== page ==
Analogous rises in prospective trial costs and available clinical data have fueled interest in innovating clinical research efficiency. Recent U.S. investment in healthcare information technology has lead to near ubiquitous use of Electronic Health Records (EHR) and an exponential increase in clinical data. This has encouraged this use of clinical registries in comparative effectiveness research and even in clinical decision-making. However, while retrospective data analysis will undoubtedly play an important role in the learning health care system, prospective, randomized clinical trials (RCTs), which are the gold standard for experimental research, will always serve an essential role. RCTs have produced the highest level of evidence for clinical medicine, though at best, represents evidence for 20% of current clinical practices . With the rising costs of clinical trials threatening to crowd out clinical discovery, innovating new methods for conducting affordable randomized trials has been deemed “mission critical”, and the EHR identified as a powerful potential tool for prospective research. Though the concept of integrating prospective research into clinical workflow is not new, it is the very recent critical mass of electronic information infrastructure that has made the platforms readily available; Meaningful Use and the rapid adoption of EHRs have intersected with a critical era of clinical research. While regulatory and ethical issues remain dynamic topics, EHR-enabled RCTs represent a “disruptive technology” to lower costs of by leveraging existing infrastructure and clinical data collection.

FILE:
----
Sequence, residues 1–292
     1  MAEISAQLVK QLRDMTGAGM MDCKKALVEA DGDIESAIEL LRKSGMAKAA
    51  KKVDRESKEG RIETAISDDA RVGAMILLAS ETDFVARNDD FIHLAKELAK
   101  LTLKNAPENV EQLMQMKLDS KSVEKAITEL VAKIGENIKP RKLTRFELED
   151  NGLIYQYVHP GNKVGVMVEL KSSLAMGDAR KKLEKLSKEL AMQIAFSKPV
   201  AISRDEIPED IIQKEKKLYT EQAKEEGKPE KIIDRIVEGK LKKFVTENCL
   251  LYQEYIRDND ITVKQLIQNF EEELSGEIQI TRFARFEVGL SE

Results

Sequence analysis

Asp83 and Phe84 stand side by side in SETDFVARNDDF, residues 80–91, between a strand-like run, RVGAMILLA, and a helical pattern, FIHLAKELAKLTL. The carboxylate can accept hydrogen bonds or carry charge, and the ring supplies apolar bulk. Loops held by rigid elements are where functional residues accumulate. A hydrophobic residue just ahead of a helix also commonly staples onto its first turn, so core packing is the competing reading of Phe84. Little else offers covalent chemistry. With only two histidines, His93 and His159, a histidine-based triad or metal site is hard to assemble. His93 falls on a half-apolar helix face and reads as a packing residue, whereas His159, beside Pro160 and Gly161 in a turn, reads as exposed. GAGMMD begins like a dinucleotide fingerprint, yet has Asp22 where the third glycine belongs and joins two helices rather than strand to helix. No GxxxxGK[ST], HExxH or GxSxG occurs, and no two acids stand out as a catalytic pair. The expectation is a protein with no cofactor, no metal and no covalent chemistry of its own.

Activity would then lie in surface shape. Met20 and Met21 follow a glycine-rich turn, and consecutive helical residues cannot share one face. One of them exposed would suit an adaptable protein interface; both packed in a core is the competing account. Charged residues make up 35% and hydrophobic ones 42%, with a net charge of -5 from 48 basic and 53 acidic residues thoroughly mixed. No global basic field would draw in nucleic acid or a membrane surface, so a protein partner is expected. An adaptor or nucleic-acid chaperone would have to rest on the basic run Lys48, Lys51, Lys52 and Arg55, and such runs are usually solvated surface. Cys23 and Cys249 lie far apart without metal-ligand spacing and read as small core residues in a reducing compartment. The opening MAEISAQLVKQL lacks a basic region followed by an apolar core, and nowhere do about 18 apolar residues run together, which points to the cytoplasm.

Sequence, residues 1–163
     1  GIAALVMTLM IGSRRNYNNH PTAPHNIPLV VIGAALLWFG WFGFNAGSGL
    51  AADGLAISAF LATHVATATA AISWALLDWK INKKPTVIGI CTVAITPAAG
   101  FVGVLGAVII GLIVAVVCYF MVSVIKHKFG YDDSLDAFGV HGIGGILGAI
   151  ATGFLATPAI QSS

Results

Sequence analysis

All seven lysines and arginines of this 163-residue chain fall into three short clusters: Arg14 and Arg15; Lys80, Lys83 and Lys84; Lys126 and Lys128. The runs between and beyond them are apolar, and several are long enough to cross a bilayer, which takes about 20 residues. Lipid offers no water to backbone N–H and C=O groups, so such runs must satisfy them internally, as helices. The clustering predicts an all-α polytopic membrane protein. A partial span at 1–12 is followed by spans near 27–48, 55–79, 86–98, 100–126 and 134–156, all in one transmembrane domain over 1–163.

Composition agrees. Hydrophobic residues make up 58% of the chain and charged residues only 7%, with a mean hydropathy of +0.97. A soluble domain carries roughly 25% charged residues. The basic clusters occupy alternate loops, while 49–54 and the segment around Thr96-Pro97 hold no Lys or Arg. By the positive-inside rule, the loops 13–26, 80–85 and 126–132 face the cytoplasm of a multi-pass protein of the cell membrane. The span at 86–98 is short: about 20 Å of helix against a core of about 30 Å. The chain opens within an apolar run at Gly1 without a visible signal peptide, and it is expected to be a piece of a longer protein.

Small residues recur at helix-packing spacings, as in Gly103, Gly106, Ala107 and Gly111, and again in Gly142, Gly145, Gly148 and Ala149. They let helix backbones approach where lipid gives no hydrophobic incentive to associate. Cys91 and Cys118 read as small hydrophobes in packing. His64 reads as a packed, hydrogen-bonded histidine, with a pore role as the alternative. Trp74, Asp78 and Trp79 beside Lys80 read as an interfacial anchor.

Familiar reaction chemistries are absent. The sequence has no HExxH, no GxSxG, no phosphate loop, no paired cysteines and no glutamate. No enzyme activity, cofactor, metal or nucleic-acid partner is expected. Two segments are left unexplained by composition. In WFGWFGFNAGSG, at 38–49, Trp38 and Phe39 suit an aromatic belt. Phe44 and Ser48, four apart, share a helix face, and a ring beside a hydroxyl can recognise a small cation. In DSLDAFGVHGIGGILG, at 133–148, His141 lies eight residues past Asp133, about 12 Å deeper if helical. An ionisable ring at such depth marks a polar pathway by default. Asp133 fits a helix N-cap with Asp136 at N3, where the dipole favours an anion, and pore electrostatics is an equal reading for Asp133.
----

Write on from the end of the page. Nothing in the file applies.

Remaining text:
While several uses of the EHR-enabled research have been described, one of the most practical methods described has been in trial recruitment. Given the wide array of discrete data elements within the EHR, automated identification of potential trial participants requires simple filtering mechanisms in order to single out patients as they meet predetermined criteria. Researchers have even conducted meta-research on this topic; examining different approaches to recruitment, including EHR generated patient lists and notification to clinicians. Evidence of the expected return can be seen in significant investment to build robust systems to utilize both retrospective and prospective data in aiding recruitment.
Point of Care Clinical Trials